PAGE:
November 3, 2012

Quark, episode 4 "The Good, the Bad, and the Ficus"

At Perma One, Quark is honored to be introduced to Commander Kroll, who just defeated a Bloaton Brigade, and Commander Stark, who just stole the Gorgon defense plan. When both learn Quark is in charge of garbage collection, they're quick to turn their nose up at him. Getting assignments from The Head, Kroll and Stark are given heroic assignments. Quark is sent after more garbage.

On the ship, Quark is dealing with the daily grind as Gene/Jean fusses about a gauge Ficus is suddenly wearing on his ear, the Betties show off their new outfits, and Ficus is lectured on how to pay a compliment after dissing said outfits as terrible due to impracticability. Also, he's suddenly wearing a gauge on his ear.

Alarms go off and the ship is suddenly pulled into a black hole. Despite some shaking and panicking and a dangerous drop in pressurization - during which Gene tries to take command before being calmed by Jean - the ship manages to press through and exit the black hole safe and sound.

Later, Quark's ship lines up with the battleship Maya to pick up their garbage, but as soon as the space baggy is ejected, Quark's ship opens fire. The battleship explodes and we hear Quark's sinister laughter.

Palindrome is dragged out of bed by the arrival at Perma One of the paranoid and trigger-happy Admiral Flint, the Joint Chief of Staff. They contact Quark, who's stunned to learn he's being charged with the battleship's destruction, Flint adding the accusation that he's a Gorgon traitor. Quark maintains his innocence, but they play back footage of the attack and order him to immediately return to base. He and his crew panic.

Back at Perma One, Flint uses an essay Quark wrote as a 7-year-old to turn the populace against the Commander as a Gorgon sympathizer. Palindrome is the only one half-heartedly coming to Quark's defense, saying the man doesn't just go around blowing up ships. Quark's ship blows up another battleship. The Head is uncertain and demands a moment of silence in honor of Quark, then agrees to let Flint hunt the Commander down and blow him out of existence.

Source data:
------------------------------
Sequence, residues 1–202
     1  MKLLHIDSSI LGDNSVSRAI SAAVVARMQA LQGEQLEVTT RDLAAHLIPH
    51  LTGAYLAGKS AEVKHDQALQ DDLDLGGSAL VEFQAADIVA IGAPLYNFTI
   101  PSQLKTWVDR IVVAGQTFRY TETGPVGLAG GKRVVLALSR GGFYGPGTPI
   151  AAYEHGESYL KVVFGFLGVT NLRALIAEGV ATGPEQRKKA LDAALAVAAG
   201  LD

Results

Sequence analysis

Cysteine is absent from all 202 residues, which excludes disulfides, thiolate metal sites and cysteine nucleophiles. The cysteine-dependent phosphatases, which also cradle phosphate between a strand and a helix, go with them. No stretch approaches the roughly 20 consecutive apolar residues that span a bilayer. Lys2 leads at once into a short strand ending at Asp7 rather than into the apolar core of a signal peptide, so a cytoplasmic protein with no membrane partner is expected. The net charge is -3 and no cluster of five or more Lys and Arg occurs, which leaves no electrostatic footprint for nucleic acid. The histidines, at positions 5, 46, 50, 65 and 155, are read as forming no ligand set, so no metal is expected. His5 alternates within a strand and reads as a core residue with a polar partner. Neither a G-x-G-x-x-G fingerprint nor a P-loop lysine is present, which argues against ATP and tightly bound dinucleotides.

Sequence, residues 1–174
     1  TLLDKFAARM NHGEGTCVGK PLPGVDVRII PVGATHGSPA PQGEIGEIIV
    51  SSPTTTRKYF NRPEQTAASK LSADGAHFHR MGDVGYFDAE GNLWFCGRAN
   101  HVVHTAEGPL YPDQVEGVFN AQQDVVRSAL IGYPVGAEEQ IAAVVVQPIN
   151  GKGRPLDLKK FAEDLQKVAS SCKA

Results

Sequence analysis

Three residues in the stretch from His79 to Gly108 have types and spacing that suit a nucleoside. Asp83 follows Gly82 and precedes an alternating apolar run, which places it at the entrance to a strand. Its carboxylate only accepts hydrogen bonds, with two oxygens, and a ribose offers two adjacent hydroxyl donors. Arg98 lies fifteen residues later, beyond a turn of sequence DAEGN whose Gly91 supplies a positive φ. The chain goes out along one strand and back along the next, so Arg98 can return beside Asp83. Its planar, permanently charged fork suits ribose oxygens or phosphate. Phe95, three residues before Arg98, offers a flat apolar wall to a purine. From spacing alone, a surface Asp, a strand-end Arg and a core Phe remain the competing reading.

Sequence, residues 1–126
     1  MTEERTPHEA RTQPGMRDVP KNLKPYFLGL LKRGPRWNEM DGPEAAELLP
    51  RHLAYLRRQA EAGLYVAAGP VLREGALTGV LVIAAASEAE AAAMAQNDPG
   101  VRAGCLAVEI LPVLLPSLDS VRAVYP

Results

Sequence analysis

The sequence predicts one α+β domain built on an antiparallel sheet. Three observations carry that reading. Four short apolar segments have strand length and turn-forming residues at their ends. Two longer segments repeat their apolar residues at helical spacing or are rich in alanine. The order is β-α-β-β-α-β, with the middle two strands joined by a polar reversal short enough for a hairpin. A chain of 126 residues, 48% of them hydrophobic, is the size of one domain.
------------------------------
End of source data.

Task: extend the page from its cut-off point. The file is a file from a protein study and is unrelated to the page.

On Quark's ship, his crew comes across another sanitation vehicle with the same markings as theirs. Contacting the Commander, Quark is stunned to see a leering version of himself appear on the viewscreen. Ficus theorizes that the black hole created an evil mirror version of their ship and crew, which has been responsible for the destruction. Evil Quark promises to destroy them, too.

Quark gets in touch with Palindrome, freaks out when he learns the entire Space Fleet is gunning for him, then tries and fails to explain how he's currently fighting with himself. Palindrome sympathizes, but doesn't want to lose his job. Quark threatens him with revealing some buried dirt just as he cuts the signal.

The Quarks try to get an edge over one another, but they keep making the same maneuvers, leaving everything at a standstill. Quark contacts Evil Quark and offers to settle this in a face-to-face meeting on a nearby asteroid, which Evil Quark accepts as a duel to the death.

At Perma One, Palindrome fails to sell everyone on the Evil Quark notion, but as the fleet closes in on their target, they report two identical sanitation ships are in view. The Head say more information is needed and orders Flint to hold fire. Flint does, but asks an aide to look into The Head's past as a potential Gorgon sympathizer

The Quarks meet on the surface and the good one runs in fear from the blast pistol of the evil one. Back on the ship, the crews contact each other on the viewscreens. Gene/Jean, Andy, and the Betties trade insults with their evil selves, but the Ficusi get along, explaining that there's no such thing as distinctions between good or evil for plants. On the asteroid, Quark tackles his evil self and gets control of the gun. He beams up to the evil ship, dismantles their weapons and controls, then beams back to his ship and uses the tractor beam to tow and hurl their bad selves back into the black hole.

Quark and crew arrive at Perma One, where Flint stomps off in defeat, Palindrome wishes they never came out of the black hole alive, and Ficus finally explains what that gauge on his ear is all about.


After an all-out Star Wars send-up in its first official episode, Quark seems to have settled back into full-time Star Trek parody mode. It’s a role for which it’s better suited, in my opinion, given the basic premise and the makeup of the cast, yet thus far, the Trek themed episodes haven’t hit the mark as squarely as “May the Source Be With You”. The question is, why? Let’s see if we can figure it out.